|Individual Event National Champions|
|VT: McMurtry, Dowell, Skinner 9.9375||UB: Nichols, Price 10.0||BB: Lee 9.9875||FX: Nichols, Ohashi 9.9625||AA: Nichols 39.8125|
Throughout the weekend, there were many impressive performances, and contrary to expectation, there were no ties larger than three people for any event title. On vault, it proved necessary to have a 10.0 start value to win, as the winning vaults were two Yurchenko doubles and one Yurchenko 1.5. Mykayla Skinner and Brenna Dowell stuck their vaults, leaving a lasting impression on the judges, and Alex McMurtry’s superb form was enough to compensate for the small slide on her landing, all three scoring a 9.9375. This season, Dowell has had an uncanny ability to stick her vault. “I was just trying to do what I normally do,” Dowell said. “I usually talk to myself, like ‘let’s go B,’ and I felt it on the block that it was going to be a good one.” Sydney Snead, Maggie Nichols, Taylor Houchin, Mollie Korth and Alicia Boren were also impressive competitors on vault. Snead was the clear standout of the first session and Korth the surprise of the second, each sticking their Yurchenko 1.5s. Also, though individual titles are awarded after semifinals, it’s important to note Sienna Crouse’s vault from Super Six. Her Yurchenko 1.5 scored a 9.9625, which would have won the title had she performed it that way on Friday.
Like on vault, both bars champions were also from the second session, with Nichols and Elizabeth Price scoring perfect 10.0s for difficult routines. Both compete a Church—a piked toe-on Tkachev—and showcased excellent handstand work throughout their routines. Kyla Ross, Kennedi Edney, Alex McMurtry and Nicole Lehrmann were also strong contenders, and Peng-Peng Lee performed her trademark skills, with a routine featuring an enormous Ray and a Bhardwaj—a full-twisting pak salto.
The race for the beam title was over almost before it began, as halfway through session one, UCLA’s Lee put up a 9.9875 that was essentially impossible to catch. As team after team had problems on beam, it became apparent that it was unlikely anyone could duplicate the near-perfect feat she had achieved. Many expected contenders came up short, as nerves bested some typically solid competitors.
Maggie Nichols and Katelyn Ohashi tied for the floor title at 9.9625, both with routines featuring an E pass combined with unique combination tumbling and stellar showmanship. Each has previously scored multiple perfect 10.0s, so seeing them win was no surprise. Myia Hambrick, Alyssa Baumann, Anastasia Webb and Mykayla Skinner also performed incredible routines but came up just shy. Baumann was the only competitor who scored above 9.925 without an E pass in her routine despite having competed double layout a few times throughout the season. And of course, Skinner has been a floor star her entire career, featuring the most difficult single skill in the NCAA—her double-twisting double back, which is rated an H in the elite code.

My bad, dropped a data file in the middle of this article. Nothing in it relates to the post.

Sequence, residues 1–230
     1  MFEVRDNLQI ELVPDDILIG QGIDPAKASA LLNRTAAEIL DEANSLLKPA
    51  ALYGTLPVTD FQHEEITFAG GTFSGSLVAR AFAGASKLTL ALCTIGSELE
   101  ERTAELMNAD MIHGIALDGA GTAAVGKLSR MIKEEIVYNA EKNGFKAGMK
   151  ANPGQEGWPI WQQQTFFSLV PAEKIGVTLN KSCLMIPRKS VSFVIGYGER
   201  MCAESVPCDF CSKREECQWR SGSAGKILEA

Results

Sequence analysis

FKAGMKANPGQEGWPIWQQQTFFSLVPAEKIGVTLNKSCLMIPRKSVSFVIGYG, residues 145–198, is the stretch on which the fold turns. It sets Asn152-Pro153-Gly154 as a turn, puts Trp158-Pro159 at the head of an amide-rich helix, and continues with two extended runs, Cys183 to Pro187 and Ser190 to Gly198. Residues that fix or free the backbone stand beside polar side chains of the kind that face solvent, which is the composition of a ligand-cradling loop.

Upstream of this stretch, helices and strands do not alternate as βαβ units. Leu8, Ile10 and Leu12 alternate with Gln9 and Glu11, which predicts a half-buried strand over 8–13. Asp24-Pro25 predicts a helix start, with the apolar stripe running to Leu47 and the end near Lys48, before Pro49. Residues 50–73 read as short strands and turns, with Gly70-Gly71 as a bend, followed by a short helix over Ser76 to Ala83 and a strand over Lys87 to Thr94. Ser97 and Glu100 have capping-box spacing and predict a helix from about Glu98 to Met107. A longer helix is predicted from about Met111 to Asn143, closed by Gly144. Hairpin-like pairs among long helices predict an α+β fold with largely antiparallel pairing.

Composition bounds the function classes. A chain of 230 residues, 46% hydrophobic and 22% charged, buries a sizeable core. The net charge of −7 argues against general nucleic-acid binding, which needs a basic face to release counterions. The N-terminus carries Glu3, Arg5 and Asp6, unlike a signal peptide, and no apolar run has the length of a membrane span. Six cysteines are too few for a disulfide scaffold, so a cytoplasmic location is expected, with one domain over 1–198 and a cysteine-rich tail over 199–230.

The all around title was Nichols’ to lose, and she did not disappoint, as each of her routines scored 9.900 or higher, and she had nearly a full tenth lead over any other competitor. Skinner was her biggest competition, earning second with consistent scores: two 9.925s and two 9.9375s. And Price rounded out her stellar career spectacularly, fighting her way up to third without a team behind her. As it was her last competition, Price knew that this day had to count. “Throughout the day, I was just focusing on not getting ahead of myself and soaking in all the moments,” Price said. “keeping that in mind and trying to just enjoy all the people and all the events was kind of my main goal for the day. Looking back on how everything turned out, I’m pretty happy with myself.”
Looking incredibly focused in warmups, Price said she had to remind herself that she was at a meet, not to get too nervous or emotional and to just rely on her training and past experience to get where she needed to be. Her floor performance was the final routine of the day, and with all eyes on her, she put up a 9.925. However, fans thought it should have been higher; the entire arena roared with disappointment as two judges flashed 9.850s, with even gymnasts from the first semifinal leading the jeers. “To have all that love and support from the entire crowd and the fans from the other teams—even though I don’t know them, and they’re obviously here supporting other people—it’s just a huge honor to have been recognized in that way,” Price said.
Ross, McMurtry, and the LSU trio of Hambrick, Edney and Sarah Finnegan were all expected to contend for the podium and delivered. But the surprise of the day was again Korth, who put together one of her most balanced performances of the season to tie Finnegan for eighth overall. Supported by her dad, who went shirtless and painted himself Kentucky blue, Korth shined through on a day when her team otherwise seemed to fall short. She’s one to watch in years to come, though clearly she has some major competition—four of the nine who made the podium are sophomores, including the top two.
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Article by Caroline Medley